What's next for the upcoming week on the calendar
We've ended the long week to enjoy some peace and relaxation over the weekends as it was quite filled with action and a small dose of fear for sure. Have you noticed that every correction that happens stars to gain more and more attention? It's like the needle closes with every inch near the balloon to pop it. Small negative catalysts like first signs of worsening economic sentiment over the world and... the fear... of a forthcoming monetary policy tend to plunge the markets with 5 to 6% and everyone is near the fat finger to dump everything. The media is to blame about that for sure and it adds a bit of spice to the events. So when the catalyst fades out everyone's just back to buying, back to normal, like nothing happened and we have DJIA at a new all-time high in a month. Nothing yet that important has happened for everyone to panic and that we can talk about new dark times. Keep it chill.
So we are heading into a new week that's gonna be long for sure as entering mid-October the month has been more than filled with action and totally not boring. For the week between 15.10 and 19.10 we have the following news and events that we need to take into account for our forecasting and trading:
Monday, Asian session starting with the rising sun and the economy of Japan. Revised Industrial production m/m shows us that the expectations are that the current conditions will remain the same, flat at 0.7%. On the US-premarket session, we have some Inflation data for the US. Core Retail Sales m/m 0.4%/0.3%, Retail Sales m/m 0.7%/0.1% and Empire State Manufacturing Index 20.4/19. Business Inventories are the last 0.5%/0.6%. For Canada e have BOC Business Outlook Survey.
Tuesday brings us more stuff to watch. Sometime during the day, we will see the US Treasury Currency. Starting early, before the EU session we have German Import Prices m/m at 0.1%/-0.2%. Pound follows with Average Earnings Index 3m/y 2.6%/2.6%, Unemployment Rate 4%/4%. Moving further into the EU session we have Trade Balance 15B/12.8B. ZEW Economics Sentiment -9.2/-7.2. German ZEW Economics Sentiment -12.3/-10.6. US pre-market we have MPC Member Cunliffe speaking and for the US we have Industrial Production m/ 0.2%/0.4%. JOLTS Job Openings 6.90M/6.94M and NAHB Housing Market Index 68/67. Ending the day we have FOMC Member Daly speaking.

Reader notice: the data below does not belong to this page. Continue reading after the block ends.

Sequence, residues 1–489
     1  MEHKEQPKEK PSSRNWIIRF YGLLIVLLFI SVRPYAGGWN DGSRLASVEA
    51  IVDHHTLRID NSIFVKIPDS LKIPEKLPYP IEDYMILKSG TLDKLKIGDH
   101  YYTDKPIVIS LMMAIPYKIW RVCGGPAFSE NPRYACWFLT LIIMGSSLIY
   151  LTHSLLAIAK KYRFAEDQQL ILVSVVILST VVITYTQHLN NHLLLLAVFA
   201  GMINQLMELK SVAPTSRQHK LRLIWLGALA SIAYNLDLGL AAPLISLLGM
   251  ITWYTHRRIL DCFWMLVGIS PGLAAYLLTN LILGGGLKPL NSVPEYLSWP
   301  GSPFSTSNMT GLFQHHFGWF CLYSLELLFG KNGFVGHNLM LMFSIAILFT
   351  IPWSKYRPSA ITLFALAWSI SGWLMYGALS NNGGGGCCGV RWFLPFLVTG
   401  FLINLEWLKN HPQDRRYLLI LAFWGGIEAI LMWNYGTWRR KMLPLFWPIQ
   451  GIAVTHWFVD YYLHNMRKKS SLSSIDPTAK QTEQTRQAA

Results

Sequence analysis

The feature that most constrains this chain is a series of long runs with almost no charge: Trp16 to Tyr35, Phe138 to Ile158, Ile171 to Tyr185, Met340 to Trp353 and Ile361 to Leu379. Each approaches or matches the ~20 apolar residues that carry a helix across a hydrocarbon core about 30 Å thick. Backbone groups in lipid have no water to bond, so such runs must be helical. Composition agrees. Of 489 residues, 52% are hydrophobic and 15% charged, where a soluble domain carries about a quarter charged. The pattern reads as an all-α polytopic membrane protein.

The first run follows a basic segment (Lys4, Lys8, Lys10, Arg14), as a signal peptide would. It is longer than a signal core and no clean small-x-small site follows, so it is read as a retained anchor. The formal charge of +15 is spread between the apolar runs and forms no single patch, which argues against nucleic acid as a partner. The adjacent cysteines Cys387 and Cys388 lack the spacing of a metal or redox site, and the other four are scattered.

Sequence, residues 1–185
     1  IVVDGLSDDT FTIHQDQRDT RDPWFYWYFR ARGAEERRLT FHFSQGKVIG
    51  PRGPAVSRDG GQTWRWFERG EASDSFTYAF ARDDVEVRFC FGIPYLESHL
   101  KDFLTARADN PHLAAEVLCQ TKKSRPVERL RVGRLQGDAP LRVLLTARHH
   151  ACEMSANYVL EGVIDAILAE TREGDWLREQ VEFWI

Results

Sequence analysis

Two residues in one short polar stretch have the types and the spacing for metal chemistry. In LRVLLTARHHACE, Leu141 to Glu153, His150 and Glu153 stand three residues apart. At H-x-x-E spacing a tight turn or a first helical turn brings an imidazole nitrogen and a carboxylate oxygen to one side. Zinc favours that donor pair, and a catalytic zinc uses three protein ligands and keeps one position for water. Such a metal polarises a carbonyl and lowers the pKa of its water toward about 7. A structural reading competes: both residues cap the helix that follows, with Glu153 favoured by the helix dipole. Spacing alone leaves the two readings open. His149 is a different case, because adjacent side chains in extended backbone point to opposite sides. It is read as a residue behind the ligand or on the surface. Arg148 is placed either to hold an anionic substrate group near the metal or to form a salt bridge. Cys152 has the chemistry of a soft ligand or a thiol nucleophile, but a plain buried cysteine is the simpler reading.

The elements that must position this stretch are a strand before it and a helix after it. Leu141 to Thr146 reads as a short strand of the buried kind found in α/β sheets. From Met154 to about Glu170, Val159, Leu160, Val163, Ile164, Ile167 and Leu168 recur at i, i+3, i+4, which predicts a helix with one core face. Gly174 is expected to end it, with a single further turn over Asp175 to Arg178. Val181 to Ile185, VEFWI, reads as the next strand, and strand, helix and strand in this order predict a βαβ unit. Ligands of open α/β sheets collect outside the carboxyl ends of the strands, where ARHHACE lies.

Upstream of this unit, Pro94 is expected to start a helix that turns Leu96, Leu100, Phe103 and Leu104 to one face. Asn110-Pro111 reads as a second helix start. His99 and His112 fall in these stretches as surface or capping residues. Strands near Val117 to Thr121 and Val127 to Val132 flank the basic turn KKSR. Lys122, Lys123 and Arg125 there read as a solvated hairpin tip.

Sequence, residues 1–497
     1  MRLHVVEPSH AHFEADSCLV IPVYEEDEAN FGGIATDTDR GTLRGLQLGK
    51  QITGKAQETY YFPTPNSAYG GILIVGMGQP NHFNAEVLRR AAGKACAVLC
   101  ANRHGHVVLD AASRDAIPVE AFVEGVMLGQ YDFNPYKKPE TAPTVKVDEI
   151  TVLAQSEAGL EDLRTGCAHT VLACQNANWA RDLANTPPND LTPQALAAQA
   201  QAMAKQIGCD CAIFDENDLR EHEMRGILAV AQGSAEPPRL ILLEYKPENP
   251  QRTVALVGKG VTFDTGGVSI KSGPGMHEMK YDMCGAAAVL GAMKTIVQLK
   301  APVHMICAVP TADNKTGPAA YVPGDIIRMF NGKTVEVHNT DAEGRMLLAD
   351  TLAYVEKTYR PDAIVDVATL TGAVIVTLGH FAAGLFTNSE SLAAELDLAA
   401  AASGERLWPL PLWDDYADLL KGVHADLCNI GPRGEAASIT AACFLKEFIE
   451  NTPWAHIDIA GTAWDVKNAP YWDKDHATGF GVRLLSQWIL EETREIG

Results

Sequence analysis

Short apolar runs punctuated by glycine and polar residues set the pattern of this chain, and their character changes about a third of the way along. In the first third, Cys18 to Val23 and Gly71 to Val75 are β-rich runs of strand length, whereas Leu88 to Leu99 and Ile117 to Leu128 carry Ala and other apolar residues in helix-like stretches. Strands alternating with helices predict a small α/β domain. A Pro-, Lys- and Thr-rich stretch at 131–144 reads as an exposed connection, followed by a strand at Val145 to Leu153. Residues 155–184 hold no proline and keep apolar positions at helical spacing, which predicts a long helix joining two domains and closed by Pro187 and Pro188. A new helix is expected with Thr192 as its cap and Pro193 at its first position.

Mid-week on Wednesday we have heavy GBP inflation data, starting with CPI y/y 2.6%/2.7%, PPI Input m/m 0.9%/0.5%, Core CPI y/y 2%/2.1%. For the EU we have Fina CPI y/y 2.1%/2.1% and Final Core CPI y/y 0.9%/0.9%. From Canada, we have Manufacturing Sales m/m with no forecast for now, but previously it was 0.9%. Following that we have US Building Permits 1.28M/1.25M and Housing Starts 1.21M/1.28M. Crude Oil Inventories follows with the previous value which was a cushion of 6M barrels. Ending the day we have e chain of speakers pilled up, starting with FOMC Member Brainard speaking, German Buba President Weidmann speaking, MPC Member Broadbent speaking and FOMC Meeting minutes.
Thursday we are starting with Japan's Trade Balance -0.34T/-0.19T and BOJ Gov Kuroda speaking. German WPI m/m comes after 0.4%/0.3% and GBP Retail Sales m/m -0.3%/0.3%. During the whole day, we are having the EU Economic Summit. CAD ADP Non-Farm Employment Change follows with no forecast, but previously it was 13.6K. US Philly Fed Manufacturing Index follows 21/22.9 and Unemployment Claims 210K/214K previously.
Lastly, but not lacking significance we have Friday. BOJ Kuroda speaking again in early Asia trading, heading into the EU trading we have EU Current Account 21.4B/21.3B. US pre-market we have a series of Canadian inflation data, starting with CPI m/m which previously was -0.1%, Core Retails Sales m/m 0.9%, Common CPI y/y 2%, Median CPI 2.1%, Retail Sales m/m 0.3%, Trimmed CPI y/y 2.2% and Core CPI m/m 0.1%. All previous values, they still do not have any forecasted values. Existing Home Sales for the US comes after at a forecast of 5.31M, previously 5.34M. Ending the day and the week we have BOE Carney speaking and FOMC Member Bostic on the microphones also.